Space travel firms hope to make money from companies who want to do research in space


Sometime in 2014, Virgin Galactica plans to take flight. The Galactica will fly 100 kilometers into the air and give travelers a near-weightless experience, for a few minutes anyway. At $250,000 a pop the only ones planning on flying right now are musicians, actors, and wealthy executives.

In about a year, however, the A listers are going to run out and Virgin, and other space flight companies, are going to have a hard time keeping their space flights in the black. They do have a plan though. The are expected to turn to researchers and research and development companies to help pay the bills.

There are companies that already research the effects of near-weightlessness on their products. companies such as Merrick and Proctor and Gamble are experts in testing their products in space. Many more companies and researchers would like the opportunity.

By utilizing “commercial” space flights researchers can do their experiments quicker and even go with their equipment and interact with it. Ideally, tests would take place on the International Space Station so the effects could be monitored over time. Using these flights can help to accelerate research.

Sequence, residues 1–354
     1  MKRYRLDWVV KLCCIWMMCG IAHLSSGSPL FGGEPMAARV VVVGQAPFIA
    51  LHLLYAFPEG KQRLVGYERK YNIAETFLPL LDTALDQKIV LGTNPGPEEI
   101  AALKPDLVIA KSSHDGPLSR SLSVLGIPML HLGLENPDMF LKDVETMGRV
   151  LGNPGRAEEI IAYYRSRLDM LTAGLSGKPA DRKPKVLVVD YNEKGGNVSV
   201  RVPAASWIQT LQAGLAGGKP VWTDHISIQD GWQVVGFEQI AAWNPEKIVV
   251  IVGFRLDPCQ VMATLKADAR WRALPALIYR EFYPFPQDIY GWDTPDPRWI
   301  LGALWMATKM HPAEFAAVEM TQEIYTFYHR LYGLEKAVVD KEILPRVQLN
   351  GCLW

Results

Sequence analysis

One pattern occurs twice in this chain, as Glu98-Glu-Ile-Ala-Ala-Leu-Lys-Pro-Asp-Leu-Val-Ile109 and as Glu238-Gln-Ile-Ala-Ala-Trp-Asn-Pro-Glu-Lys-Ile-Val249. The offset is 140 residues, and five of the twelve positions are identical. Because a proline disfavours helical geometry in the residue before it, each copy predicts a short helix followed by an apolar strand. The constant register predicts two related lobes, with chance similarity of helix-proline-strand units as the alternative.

Xcor director of payload services and operations, Khaki Rodway, said “Now space scientist can go into the field and get measurements and hard data and not just rely on models.”

The idea of utilizing researchers t keep commercial space flight a reality has potential. According to James Muncy, founder of PoliSpace, “Unlike tourists researchers will fly their experiments multiple times.”

Not only is this a win for the space flight companies it also is a win for researchers in the private sector.

“Researchers have been turned off by NASA’s time scale,” said Sean Casey, managing director of Silicon Valley Space center. “With Xcor you can spend $1 million to $2 million and do 10 flights each with about six minutes of microgravity and make sure your experiments are working.”

Price may still make some researchers balk. Virgin plans on charging around $50,000 for a small non-hazardous cargo back or locker. Customers who want the whole flight to themselves will pay upwards of $1 million.

However, groups may be willing to pay the money for the ability to schedule a flight on a moments notice. According to Blue Origin business development manager, Erika Wagner, the company’s goal is space flight on a moments notice.  “We will roll out of the garage. This is gas and go,” Wagner said.

[via Business Week]

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